The School of Behavioral and Brain Sciences’ research is enhanced through faculty and student participation in four centers in the Dallas area.
BBS’ Callier Center focuses on the causes, prevention, assessment and treatment of communication disorders. Callier’s two locations, in downtown Dallas and on the UT Dallas Richardson campus, house sophisticated clinical and neuroscience facilities for research. The centers provides excellent opportunities to study a broad range of communication disorders, including outpatient clinics for people with speech, language and hearing disorders, as well as infant and preschool programs serving hearing, hearing-impaired and language-impaired children.
The Center for BrainHealth, located in downtown Dallas, is focused on understanding, protecting and healing the human brain. The center works through research programs to understand the brain’s ability to restore or protect healthy brain function, protect the brain from unnecessary mental decline, and heal the brain through treatments that regenerate brain function. A key part of the center is the Brain Performance Institute, which provides scientifically validated programs and assessments that enhance individual brain performance and health.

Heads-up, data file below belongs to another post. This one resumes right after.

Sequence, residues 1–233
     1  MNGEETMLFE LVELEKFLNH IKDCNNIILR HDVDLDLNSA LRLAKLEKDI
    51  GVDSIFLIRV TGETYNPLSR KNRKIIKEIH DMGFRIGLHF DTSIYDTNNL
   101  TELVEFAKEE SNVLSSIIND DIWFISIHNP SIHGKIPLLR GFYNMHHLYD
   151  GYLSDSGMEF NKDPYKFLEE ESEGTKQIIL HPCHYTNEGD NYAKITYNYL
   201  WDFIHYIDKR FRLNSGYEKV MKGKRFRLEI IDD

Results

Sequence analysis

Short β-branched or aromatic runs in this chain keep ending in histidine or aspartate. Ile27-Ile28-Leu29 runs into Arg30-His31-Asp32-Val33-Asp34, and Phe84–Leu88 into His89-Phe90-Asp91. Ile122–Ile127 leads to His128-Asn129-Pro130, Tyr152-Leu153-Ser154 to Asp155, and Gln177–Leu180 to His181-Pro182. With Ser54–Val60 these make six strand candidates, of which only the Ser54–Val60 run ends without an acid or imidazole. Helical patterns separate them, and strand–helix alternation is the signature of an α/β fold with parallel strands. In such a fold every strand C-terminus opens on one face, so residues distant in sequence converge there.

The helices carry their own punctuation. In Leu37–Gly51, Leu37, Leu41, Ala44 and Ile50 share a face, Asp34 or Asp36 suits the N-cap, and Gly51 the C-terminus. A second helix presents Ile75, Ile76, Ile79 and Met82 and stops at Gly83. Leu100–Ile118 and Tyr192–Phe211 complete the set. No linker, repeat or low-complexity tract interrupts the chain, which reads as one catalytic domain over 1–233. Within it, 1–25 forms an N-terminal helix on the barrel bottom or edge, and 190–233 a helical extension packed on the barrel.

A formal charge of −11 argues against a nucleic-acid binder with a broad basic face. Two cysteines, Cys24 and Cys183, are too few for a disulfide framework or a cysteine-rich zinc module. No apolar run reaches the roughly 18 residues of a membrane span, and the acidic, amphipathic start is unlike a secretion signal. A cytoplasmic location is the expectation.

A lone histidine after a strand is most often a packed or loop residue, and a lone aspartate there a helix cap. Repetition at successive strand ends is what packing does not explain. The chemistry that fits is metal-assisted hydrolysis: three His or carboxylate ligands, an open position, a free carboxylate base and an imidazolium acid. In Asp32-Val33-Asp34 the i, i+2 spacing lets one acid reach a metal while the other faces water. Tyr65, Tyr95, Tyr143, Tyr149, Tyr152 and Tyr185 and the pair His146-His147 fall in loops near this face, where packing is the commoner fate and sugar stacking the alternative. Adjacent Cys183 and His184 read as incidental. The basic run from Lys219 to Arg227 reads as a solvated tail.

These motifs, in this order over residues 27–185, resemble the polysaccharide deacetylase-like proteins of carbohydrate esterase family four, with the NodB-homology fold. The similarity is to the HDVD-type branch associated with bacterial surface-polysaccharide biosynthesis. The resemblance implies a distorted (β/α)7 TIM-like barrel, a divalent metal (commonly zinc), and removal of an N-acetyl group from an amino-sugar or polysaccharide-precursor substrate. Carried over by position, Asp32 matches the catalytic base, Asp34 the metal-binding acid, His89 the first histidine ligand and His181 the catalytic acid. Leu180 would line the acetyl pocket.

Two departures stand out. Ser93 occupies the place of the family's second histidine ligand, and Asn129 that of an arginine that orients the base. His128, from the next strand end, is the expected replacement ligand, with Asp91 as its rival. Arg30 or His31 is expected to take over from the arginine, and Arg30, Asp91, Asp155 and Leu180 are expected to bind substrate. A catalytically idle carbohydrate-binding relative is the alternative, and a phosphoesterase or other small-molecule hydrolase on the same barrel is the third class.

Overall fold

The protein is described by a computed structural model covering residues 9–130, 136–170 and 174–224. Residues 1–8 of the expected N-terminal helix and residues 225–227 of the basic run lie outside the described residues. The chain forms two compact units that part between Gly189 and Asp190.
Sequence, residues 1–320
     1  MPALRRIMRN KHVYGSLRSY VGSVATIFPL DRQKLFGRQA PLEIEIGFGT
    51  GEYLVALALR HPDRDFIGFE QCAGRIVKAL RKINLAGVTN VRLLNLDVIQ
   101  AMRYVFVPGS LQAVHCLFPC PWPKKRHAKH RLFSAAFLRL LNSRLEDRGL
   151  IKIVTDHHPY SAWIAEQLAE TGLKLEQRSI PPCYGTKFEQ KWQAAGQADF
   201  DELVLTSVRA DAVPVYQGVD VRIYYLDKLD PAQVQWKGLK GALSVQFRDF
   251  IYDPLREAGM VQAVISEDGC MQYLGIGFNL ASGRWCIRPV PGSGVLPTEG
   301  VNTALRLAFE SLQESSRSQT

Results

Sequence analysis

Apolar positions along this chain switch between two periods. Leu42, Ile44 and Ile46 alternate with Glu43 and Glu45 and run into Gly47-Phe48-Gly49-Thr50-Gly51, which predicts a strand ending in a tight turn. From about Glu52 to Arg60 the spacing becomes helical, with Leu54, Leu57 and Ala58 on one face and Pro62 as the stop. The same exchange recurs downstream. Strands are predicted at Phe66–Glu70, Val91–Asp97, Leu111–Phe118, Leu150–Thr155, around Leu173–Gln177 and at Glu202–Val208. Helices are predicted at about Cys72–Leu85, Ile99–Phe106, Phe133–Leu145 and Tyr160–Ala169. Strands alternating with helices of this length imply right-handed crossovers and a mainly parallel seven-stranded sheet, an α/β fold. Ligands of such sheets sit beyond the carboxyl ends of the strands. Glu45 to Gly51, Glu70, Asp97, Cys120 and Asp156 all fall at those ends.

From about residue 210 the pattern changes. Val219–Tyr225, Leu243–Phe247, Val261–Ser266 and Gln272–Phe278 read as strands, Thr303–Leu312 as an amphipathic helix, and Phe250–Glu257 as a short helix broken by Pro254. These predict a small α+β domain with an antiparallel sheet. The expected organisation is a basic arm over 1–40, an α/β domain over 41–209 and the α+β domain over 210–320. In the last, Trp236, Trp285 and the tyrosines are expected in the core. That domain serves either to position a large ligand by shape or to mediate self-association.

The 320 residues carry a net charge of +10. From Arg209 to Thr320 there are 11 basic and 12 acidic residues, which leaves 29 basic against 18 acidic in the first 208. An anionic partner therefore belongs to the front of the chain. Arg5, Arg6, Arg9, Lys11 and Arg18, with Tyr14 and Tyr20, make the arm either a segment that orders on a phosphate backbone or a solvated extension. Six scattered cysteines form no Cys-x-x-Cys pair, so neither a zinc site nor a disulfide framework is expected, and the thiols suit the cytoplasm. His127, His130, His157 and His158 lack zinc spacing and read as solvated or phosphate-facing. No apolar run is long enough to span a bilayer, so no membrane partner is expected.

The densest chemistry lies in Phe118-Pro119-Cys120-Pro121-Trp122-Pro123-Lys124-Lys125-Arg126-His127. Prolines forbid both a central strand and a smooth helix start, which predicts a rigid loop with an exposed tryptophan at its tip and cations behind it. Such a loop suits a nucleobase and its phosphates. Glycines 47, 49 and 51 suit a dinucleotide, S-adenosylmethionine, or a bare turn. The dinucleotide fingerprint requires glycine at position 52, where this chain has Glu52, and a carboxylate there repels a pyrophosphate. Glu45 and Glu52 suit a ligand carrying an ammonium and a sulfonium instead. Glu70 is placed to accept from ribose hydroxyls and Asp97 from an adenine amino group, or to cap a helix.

The Center for Children and Families, housed in BBS’ facilities on the Richardson campus, is focused on all aspects of child development from birth through adolescence. The center promotes optimal child development by enhancing research, practice and outreach. CCF offers an array of clinical and community outreach activities organized around three initiatives: parenting healthy families, strengthening interpersonal relationships, and enhancing learning and thinking.
The Center for Vital Longevity, located in downtown Dallas, is focused on understanding and expanding the capacity of the aging mind. Center researchers use cutting edge brain imaging technologies and advances in cognitive science to understand (a) how the brain changes from young to old adulthood, (b) the consequences of neural aging for everyday function and (c) what interventions show promise for slowing cognitive aging.